With talk of the regime of 'adequate procedures' introduced by the Bribery Act being extended to cover fraud we look at how this might affect charities and what action they need to take.
In a counter fraud context, a high-risk area for one charity may be the opposite for another simply because it operates in a different sphere of activity. This implies that the counter fraud lead’s task in a charity is not an easy one, but there are issues which should feature on every charity's counter fraud to do list.
With the role of charities featuring increasingly in the media, from international aid provided in war torn regions to local food banks, there is increased pressure to provide services and closer scrutiny as to how charities are undertaking their activities. Some charities may view their counter fraud operations as a largely unwelcome drain on valuable resources when they could be using funds to help those less fortunate. However, major donors, both private philanthropists and public bodies, are increasingly looking for surety about how their funds are used. Members of the public, who have always given generously to good causes, also want to know that the charities they support have effective financial management systems.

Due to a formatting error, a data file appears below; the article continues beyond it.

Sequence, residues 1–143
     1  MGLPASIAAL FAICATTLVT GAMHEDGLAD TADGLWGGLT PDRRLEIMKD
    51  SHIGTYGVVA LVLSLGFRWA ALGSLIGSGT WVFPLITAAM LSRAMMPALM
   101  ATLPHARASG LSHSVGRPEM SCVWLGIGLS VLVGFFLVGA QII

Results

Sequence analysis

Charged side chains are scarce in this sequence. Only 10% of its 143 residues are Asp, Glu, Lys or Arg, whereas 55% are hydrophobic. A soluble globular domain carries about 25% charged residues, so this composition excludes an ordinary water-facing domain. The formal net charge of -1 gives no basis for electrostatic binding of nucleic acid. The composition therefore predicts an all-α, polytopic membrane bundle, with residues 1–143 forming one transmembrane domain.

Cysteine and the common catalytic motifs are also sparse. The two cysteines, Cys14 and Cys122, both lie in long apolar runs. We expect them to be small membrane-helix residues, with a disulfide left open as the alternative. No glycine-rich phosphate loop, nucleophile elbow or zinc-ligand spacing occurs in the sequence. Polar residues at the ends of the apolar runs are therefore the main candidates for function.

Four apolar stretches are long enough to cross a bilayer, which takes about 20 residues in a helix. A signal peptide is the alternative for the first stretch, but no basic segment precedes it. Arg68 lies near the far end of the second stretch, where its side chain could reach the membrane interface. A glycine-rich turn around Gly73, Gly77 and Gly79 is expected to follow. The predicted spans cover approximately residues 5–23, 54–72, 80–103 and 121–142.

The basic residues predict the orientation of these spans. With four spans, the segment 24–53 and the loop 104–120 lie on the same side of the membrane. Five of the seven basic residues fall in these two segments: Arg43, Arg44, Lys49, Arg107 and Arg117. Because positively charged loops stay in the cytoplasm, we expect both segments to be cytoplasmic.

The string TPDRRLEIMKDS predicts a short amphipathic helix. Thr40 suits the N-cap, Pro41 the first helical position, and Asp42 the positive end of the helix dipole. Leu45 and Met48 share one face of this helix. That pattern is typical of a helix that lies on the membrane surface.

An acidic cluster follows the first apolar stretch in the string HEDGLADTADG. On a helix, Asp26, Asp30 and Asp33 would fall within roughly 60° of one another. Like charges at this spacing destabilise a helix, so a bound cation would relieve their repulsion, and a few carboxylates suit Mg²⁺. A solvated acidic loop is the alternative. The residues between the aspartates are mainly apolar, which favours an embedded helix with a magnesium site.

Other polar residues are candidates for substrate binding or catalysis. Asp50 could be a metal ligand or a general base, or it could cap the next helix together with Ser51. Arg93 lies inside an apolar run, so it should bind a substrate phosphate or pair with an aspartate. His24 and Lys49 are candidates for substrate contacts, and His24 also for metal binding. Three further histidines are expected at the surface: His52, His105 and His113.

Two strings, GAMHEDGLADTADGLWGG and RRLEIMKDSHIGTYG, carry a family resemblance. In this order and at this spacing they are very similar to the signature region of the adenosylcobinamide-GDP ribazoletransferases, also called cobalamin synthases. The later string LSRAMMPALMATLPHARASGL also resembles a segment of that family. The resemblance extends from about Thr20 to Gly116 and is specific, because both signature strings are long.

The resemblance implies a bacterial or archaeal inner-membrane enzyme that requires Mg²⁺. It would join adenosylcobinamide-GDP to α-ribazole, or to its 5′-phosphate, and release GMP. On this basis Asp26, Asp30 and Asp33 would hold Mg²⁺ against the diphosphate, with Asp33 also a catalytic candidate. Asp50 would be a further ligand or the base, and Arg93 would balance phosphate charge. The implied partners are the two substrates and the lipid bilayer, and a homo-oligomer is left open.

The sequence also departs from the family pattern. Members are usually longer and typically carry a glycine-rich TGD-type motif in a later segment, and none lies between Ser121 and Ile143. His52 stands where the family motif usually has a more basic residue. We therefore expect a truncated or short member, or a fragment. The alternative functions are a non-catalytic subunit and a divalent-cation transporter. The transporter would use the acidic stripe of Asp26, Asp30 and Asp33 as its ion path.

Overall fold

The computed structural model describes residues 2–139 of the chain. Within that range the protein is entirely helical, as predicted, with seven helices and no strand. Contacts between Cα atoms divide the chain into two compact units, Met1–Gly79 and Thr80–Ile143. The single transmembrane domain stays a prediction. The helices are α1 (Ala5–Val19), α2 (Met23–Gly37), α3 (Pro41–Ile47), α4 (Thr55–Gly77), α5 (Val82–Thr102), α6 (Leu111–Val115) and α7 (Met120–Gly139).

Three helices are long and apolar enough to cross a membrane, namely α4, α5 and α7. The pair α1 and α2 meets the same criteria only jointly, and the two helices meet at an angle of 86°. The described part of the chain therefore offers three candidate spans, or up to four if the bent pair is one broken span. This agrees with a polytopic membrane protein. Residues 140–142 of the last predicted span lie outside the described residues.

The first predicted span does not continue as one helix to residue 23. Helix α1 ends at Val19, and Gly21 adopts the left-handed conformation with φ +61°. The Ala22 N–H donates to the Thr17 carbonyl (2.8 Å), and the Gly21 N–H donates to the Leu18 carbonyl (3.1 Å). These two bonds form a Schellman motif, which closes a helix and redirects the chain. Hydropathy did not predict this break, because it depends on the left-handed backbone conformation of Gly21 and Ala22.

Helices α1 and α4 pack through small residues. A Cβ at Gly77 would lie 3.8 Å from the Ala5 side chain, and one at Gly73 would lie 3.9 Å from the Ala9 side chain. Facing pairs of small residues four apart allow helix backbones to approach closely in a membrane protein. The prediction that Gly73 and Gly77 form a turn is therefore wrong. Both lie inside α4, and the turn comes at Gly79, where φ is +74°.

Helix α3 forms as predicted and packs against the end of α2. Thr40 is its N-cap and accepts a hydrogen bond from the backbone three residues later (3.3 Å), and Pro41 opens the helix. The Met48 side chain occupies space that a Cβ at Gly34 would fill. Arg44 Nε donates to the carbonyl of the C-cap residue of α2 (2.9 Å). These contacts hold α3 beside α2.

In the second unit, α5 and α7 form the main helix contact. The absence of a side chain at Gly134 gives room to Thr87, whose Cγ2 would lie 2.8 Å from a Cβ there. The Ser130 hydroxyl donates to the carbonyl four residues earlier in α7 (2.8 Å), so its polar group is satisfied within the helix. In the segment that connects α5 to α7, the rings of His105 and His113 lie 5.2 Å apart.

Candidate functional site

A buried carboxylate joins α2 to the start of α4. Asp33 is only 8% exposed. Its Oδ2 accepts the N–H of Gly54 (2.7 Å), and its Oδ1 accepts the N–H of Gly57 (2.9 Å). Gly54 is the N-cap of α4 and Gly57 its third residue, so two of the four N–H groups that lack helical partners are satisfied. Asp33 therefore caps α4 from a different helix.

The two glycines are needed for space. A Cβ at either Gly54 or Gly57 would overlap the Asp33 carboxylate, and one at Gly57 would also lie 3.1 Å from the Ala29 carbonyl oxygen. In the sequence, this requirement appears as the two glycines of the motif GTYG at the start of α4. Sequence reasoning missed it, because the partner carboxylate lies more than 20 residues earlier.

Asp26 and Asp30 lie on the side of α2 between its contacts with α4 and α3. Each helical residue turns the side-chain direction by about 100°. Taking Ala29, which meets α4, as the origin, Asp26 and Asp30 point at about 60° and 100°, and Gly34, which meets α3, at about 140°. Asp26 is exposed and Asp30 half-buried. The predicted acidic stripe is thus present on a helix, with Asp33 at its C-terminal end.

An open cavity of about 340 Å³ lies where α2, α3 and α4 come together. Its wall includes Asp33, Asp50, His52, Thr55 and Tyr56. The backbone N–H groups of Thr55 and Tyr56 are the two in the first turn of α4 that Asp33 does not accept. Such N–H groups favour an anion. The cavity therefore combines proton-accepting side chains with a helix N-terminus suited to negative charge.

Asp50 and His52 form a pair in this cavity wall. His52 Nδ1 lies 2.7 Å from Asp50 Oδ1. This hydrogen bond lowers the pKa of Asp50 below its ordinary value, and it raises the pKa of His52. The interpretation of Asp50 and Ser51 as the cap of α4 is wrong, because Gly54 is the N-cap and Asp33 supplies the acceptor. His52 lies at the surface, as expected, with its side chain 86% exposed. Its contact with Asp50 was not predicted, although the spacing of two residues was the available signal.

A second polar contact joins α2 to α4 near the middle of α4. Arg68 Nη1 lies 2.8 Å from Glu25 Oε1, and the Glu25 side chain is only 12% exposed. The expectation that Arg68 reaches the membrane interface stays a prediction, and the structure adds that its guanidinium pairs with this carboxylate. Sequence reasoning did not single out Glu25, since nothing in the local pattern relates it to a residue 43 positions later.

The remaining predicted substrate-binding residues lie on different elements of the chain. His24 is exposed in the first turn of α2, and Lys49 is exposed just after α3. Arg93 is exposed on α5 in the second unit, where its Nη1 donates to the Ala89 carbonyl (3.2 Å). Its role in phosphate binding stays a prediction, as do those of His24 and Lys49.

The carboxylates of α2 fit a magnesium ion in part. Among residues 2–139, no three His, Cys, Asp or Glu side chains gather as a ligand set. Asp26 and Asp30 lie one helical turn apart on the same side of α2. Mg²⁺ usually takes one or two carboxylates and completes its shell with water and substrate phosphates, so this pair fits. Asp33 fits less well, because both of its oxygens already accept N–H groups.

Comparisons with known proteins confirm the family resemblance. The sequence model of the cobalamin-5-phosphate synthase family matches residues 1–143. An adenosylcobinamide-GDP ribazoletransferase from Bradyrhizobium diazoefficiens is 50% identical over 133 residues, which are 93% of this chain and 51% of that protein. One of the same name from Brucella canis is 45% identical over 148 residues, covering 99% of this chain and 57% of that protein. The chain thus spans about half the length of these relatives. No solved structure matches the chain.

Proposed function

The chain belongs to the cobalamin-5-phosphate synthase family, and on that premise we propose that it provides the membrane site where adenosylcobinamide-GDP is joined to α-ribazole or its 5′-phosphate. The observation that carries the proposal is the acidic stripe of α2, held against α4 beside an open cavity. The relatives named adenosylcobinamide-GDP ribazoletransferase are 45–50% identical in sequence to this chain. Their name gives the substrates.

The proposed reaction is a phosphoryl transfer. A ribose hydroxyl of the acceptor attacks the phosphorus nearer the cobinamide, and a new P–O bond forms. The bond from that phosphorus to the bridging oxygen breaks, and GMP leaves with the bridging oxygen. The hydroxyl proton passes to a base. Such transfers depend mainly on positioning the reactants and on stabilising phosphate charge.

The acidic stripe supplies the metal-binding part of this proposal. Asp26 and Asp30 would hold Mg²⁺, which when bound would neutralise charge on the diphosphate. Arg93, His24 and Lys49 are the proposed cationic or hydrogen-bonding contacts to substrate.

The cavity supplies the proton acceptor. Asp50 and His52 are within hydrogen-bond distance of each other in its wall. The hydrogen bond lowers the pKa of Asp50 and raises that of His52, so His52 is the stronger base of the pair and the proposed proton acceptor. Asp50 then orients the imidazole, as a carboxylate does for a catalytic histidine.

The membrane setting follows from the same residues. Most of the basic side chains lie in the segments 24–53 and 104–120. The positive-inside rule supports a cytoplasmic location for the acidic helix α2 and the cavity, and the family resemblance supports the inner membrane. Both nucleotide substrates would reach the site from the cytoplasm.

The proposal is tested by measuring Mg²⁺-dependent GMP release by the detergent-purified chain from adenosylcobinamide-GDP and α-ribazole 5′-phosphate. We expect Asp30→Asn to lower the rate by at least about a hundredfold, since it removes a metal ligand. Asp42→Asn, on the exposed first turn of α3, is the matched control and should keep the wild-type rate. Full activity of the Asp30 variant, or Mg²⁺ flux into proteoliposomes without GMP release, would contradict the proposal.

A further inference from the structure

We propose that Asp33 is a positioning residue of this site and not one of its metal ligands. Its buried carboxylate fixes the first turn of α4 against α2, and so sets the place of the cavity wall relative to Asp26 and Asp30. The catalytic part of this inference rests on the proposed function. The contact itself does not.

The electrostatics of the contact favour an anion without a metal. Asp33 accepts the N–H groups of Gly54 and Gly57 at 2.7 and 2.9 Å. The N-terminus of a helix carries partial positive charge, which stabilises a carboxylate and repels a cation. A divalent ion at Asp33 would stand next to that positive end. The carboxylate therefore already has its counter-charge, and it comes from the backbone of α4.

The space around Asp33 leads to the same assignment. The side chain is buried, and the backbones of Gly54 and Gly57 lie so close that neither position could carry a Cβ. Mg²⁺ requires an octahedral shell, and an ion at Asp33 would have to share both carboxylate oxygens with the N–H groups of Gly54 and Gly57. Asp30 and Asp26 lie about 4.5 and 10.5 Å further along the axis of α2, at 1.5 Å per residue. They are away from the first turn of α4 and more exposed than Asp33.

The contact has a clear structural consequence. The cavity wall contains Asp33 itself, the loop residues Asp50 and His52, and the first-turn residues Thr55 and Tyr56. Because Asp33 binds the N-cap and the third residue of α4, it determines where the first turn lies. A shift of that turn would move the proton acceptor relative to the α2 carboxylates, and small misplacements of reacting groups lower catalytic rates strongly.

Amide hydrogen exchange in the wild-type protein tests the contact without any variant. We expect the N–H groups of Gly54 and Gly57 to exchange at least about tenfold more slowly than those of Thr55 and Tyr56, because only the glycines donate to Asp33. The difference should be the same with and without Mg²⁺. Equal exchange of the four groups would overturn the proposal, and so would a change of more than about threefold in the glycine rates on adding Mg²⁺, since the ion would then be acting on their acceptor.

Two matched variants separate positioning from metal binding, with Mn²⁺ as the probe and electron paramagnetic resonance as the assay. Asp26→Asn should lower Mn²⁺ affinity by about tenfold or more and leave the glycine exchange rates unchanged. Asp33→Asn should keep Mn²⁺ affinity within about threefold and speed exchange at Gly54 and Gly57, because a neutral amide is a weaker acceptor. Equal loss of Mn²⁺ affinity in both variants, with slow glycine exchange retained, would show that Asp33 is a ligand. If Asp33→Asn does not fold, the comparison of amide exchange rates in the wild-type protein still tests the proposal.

Trustees and senior executives of charities should therefore focus on what new counter fraud legislation may require from them in the future, recognise that it is good practice and stay ahead of the implementation curve.
Under the Bribery Act procedures need to be proportionate, have top level commitment, cover assessment of risk, due diligence on third parties, be fully communicated including the use of training and be appropriately monitored and reviewed. New legislation is likely to take a similar approach with the driver being a proper risk assessment covering all of a charity's activities. It is accepted there are pressures on charities that work against the introduction of adequate procedures, particularly smaller ones. However, these procedures should largely already be in place.
Trustees have a legal duty to take all necessary steps to protect their charity's funds as well as ensuring their charity has internal and financial controls and proper and adequate financial records. The Charity Commission's website assists in this respect by providing a wealth of information on good practice for charities. In particular Chapter 3 of the Commission's 'Protecting Charities from Harm: Compliance Toolkit' covers fraud and financial crime and gives an overview of key frauds, prevention and detection and how fraud should be addressed when it happens.
Nevertheless, notwithstanding the advice that is freely available and tailored to charities, we still find there is much work to do to counter the impression that charities are a soft touch when it comes to fraud.
Some key issues to focus on
Doing the basics right